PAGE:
Handling employee and passenger safety in COVID time.
– Amit Roy, Senior Account Manager, Weber Shandwick
Nikhil Dey, Vice Chair, Weber Shandwick India, found it rather tough to assure himself of his family’s health when they decided to return to their small-scale hospitality business in Wayanad after the government’s nod to the hospitality industry to resume services from June 8th. He believed that he was not the only one thinking of the safety of his people in this phase.
Employee first thinking is the best way to serve customers: When the aviation ministry ordered the domestic flights to resume from May 25, for Indigo too, one of the largest people carriers in the country, the biggest challenge was not just to cater to the heightened demand but to also ensure the safety of its employees who were supposed to operate on war-footing in the days to come.
Speaking at the ‘Creative Sandbox’ an online get-together of communication heads of travel and hospitality firms, C Leekha, Director, Corporate communications of IndiGo said, “We at IndiGo thought of our employees. We have a large ground crew and cabin crew, and they are the ones who are coming in contact with the customers and are in the firing line. We did expect a pent-up demand and that actually was the case once the airlines started operating since May 25, and there is a fair chance that the customers are asymptomatic which makes our crew vulnerable.”
With this situation in mind, the airline is doing everything possible to ensure that the crew is safe. From sanitizing planes before and after every departure, to providing them with the correct safety gear – the PPE kits, the face masks, gloves etc. to ensure that they are safe. The airline has also decided to not serve any food or any retail products in the flight to minimize contact. Even for the employees working out of their corporate office, their cars and cabins are being sanitized multiple times a day.
Keep the engine running, stay ready for take-off: In terms of preparedness, the good thing for Bangalore airport was that they had never shut down. Archana Muthappa, Head of Communications at Bangalore International Airport, said, “While the entire country was under lockdown, we continued with cargo flights and repatriation flights. The airport staff had to come in to work. We used this time to put together the entire contact-less process. This Process has ensured that the airport staff doesn’t even touch the baggage before it is checked-in. It is a must to ensure safety for both, the airport staff and the passengers.”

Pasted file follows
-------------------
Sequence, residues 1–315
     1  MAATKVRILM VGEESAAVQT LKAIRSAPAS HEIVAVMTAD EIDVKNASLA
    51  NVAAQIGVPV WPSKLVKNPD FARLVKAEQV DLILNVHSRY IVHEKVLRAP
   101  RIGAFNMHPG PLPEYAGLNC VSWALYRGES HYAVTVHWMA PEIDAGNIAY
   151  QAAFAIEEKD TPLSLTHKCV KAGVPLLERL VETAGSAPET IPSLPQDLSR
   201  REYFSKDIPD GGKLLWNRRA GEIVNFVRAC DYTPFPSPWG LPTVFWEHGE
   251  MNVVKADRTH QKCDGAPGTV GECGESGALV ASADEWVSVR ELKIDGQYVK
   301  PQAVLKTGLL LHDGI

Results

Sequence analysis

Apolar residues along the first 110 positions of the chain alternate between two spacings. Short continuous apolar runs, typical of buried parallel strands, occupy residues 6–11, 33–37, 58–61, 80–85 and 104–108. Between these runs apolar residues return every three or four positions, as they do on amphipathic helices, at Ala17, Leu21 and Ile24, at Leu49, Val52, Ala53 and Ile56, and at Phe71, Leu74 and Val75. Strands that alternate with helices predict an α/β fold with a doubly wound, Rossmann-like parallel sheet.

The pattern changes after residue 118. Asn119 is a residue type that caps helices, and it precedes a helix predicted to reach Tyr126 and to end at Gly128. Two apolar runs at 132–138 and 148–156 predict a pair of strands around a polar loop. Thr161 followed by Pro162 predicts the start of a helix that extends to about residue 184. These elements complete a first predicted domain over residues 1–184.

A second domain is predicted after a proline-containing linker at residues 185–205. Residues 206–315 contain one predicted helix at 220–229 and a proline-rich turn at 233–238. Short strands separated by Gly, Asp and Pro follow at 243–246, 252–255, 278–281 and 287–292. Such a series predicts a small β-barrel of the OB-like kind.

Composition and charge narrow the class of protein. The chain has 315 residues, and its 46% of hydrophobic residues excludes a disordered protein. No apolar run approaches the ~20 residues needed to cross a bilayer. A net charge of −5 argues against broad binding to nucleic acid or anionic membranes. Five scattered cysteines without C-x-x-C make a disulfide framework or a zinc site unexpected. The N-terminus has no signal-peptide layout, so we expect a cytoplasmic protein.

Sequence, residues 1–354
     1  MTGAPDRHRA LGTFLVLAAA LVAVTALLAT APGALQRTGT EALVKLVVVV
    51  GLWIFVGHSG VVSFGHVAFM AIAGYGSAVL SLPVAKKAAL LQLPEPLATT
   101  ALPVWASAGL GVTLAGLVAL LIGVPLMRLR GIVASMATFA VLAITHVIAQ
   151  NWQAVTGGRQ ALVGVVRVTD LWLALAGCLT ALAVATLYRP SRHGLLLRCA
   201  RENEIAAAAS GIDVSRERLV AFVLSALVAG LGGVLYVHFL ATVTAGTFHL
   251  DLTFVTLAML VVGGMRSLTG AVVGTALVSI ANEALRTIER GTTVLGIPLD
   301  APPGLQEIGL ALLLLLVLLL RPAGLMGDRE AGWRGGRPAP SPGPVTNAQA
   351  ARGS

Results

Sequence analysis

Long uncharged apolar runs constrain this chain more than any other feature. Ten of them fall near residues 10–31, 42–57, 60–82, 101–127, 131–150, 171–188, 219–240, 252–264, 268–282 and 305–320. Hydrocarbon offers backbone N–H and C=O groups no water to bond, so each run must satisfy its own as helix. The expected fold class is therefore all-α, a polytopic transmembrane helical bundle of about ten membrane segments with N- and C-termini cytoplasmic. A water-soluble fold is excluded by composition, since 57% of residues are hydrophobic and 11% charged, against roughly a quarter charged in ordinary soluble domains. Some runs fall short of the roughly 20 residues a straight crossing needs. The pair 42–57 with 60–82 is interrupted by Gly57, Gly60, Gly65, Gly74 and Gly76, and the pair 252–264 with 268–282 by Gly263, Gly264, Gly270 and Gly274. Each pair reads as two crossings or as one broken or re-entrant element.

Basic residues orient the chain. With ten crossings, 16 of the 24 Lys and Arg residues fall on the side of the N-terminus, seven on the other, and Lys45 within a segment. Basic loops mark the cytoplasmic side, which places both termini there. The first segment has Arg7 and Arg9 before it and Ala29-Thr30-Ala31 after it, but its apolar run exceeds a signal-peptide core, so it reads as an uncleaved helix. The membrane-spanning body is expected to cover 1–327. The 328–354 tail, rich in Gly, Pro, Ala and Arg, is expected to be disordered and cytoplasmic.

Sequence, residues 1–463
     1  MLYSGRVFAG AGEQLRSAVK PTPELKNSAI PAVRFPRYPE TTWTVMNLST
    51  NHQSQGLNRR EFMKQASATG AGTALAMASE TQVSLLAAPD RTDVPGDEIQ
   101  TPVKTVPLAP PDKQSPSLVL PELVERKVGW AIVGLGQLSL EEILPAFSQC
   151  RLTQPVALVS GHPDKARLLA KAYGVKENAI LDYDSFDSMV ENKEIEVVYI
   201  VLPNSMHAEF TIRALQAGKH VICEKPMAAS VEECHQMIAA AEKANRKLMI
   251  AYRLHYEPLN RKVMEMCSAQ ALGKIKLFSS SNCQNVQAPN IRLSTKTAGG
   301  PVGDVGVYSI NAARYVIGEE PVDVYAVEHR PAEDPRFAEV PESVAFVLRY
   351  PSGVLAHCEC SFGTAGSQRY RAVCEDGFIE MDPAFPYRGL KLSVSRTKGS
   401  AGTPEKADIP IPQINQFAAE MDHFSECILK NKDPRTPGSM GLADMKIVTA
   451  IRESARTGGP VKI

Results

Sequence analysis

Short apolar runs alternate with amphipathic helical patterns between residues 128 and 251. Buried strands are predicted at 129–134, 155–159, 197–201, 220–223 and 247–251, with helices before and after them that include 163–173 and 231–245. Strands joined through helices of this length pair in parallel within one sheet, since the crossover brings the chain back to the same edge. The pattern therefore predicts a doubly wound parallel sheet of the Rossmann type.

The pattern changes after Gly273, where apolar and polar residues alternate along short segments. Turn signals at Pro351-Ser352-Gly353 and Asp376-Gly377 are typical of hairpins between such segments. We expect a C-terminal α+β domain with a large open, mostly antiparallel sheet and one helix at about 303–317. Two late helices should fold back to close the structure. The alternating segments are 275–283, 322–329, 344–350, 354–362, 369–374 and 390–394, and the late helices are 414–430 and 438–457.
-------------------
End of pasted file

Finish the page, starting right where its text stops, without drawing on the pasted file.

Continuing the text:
Stronger-Together: Ruchica Tomar, Vice-President, PR and Communications at MakeMyTrip however urged the entire ecosystem to put up a united front. She said, “Together we make a much better case for ourselves when we talk of safety as a primary need – for employees and customers alike. When you travel, you take a cab, you board a flight from one airport to the other. Once you land, you check-in to a hotel. There are multiple touch points when you travel.” In such a situation, she stressed that both the customer and the service providers need to be safe. She says that as an industry, and as members of the travel value chain, there has to be transparency and constant communication about elevating safety, which is the core concern of people at large – employees and customers.
Ruchica further mentioned that it would be unfair to leave everything to the government. While the government can roll out the protocols and the SOPs, it is upon the industry to come together and build the confidence again in people to travel. She believes that with so many well-known brands in the industry, it is achievable and better together.
Miles to go before we sleep, but the journey has begun. Godspeed.